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STEM Camp at Iḷisaġvik College in Barrow, Alaska

Greetings from Barrow! I am back in the Arctic to continue my research on the use of smartphone technology and pocket weather meters  by subsistence hunters to create a local record of climate change. As part of my research I will be running a citizen science hackathon together with Brian Fuchs from The Mobile Collective at … Continue reading

Problematic Porcupines and Elephantine Issues

I’ve never yet seen an elephant in the Congo rainforest, and to be honest it’s a little difficult at times to imagine that animals so large can a) hide themselves so effectively or b) even fit at all in amongst the dense mess of trees and brush and leaves that make up the forest’s ground … Continue reading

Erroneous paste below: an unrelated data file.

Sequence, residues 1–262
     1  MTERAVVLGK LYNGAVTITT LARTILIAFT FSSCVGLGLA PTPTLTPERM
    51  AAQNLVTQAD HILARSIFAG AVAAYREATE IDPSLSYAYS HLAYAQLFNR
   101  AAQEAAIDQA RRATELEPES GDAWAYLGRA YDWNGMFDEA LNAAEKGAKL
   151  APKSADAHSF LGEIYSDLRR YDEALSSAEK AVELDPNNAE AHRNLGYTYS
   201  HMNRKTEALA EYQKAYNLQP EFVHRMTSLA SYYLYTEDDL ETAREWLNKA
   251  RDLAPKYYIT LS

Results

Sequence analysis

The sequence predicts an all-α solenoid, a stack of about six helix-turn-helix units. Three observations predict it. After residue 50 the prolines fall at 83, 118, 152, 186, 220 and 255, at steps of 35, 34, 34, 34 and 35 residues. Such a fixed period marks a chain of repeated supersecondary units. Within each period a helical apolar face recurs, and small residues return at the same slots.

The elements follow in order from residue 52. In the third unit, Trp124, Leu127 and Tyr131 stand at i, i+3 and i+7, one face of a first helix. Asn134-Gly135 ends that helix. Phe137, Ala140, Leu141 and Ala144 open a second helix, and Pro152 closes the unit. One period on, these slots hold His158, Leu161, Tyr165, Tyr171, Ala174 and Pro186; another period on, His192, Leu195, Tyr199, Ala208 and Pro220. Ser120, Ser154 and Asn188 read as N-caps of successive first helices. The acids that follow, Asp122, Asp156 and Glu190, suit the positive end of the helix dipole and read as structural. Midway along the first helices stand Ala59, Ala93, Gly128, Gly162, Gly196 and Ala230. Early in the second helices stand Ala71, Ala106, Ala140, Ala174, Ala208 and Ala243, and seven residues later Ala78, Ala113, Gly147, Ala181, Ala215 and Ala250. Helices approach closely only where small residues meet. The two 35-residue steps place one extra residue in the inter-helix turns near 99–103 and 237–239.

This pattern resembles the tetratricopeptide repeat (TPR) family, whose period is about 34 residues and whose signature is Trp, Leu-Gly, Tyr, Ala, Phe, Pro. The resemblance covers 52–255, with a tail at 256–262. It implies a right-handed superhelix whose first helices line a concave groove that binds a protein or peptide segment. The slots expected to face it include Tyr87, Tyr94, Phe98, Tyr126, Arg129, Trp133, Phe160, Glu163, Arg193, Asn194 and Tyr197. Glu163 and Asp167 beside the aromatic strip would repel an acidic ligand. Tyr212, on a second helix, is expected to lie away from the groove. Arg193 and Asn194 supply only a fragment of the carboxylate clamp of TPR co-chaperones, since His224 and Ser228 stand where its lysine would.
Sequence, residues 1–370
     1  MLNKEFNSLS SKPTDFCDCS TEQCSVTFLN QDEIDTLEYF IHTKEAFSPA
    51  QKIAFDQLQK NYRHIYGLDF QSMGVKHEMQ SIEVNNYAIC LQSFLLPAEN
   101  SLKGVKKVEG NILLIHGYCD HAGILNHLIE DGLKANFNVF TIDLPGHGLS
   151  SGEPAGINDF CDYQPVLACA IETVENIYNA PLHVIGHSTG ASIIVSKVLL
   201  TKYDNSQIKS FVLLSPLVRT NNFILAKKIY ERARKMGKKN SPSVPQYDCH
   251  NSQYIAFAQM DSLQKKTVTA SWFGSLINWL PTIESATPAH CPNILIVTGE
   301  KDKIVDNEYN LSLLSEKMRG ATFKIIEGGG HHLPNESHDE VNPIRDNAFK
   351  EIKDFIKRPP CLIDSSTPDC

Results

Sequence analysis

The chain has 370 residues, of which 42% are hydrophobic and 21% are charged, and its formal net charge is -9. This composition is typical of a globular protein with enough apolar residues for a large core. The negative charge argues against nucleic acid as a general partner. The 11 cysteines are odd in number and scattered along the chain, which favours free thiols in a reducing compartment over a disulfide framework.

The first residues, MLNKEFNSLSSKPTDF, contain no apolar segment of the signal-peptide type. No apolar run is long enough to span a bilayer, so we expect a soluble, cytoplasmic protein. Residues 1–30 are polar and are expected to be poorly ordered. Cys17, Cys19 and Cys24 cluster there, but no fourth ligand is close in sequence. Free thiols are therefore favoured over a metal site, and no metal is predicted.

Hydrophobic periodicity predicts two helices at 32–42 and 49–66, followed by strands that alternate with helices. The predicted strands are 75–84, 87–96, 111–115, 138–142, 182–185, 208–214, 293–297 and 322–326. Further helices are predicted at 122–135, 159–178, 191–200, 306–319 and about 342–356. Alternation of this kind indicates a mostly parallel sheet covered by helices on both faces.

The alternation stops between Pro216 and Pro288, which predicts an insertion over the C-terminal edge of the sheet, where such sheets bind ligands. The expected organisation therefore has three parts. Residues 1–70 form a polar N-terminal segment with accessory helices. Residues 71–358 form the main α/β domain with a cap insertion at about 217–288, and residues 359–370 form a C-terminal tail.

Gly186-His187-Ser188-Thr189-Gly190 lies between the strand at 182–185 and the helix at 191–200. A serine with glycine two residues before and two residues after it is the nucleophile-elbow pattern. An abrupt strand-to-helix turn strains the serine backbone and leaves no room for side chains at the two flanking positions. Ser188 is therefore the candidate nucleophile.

Landing in the Brazilian Amazon – news from Acre, Brazil

On this first trip to the Brazilian Amazon I am bringing as a piece of luggage ExCiteS’s theory, methodologies and tools to present to indigenous communities and representatives, as well as to their potential governmental and non-governmental partners. At this stage, the idea is to showour research group’s work to relevant stakeholders and to hear … Continue reading

Challenging RISK: PhD Studentship available for UK/EEA Applicants

We’re currently advertising an exciting position for upcoming work with the Challenging RISK project (http://www.ucl.ac.uk/excites/projects/excites-projects/ucl-challenging-risk/challenging-risk) which will be an interdisicplinary study involving Citizen Scientists, Earthquake Engineers, Fire Engineers and Psychologists. If you’re a UK/EEA citizen and are interested, please apply to the post on FindAPhD.com (http://www.findaphd.com/search/projectDetails.aspx?PJID=55645). 

DANGEROUS ICE, Barrow Alaska

As part of my research into the use of ICT for adaptation to climate change in the Arctic, I had set about to interview the hunters and residents of Utqiaġvik (Barrow), Alaska about the recent shorefast ice break-off  event which nearly took the lives of a whaling crew that drifted away on an ice floe: “There were … Continue reading

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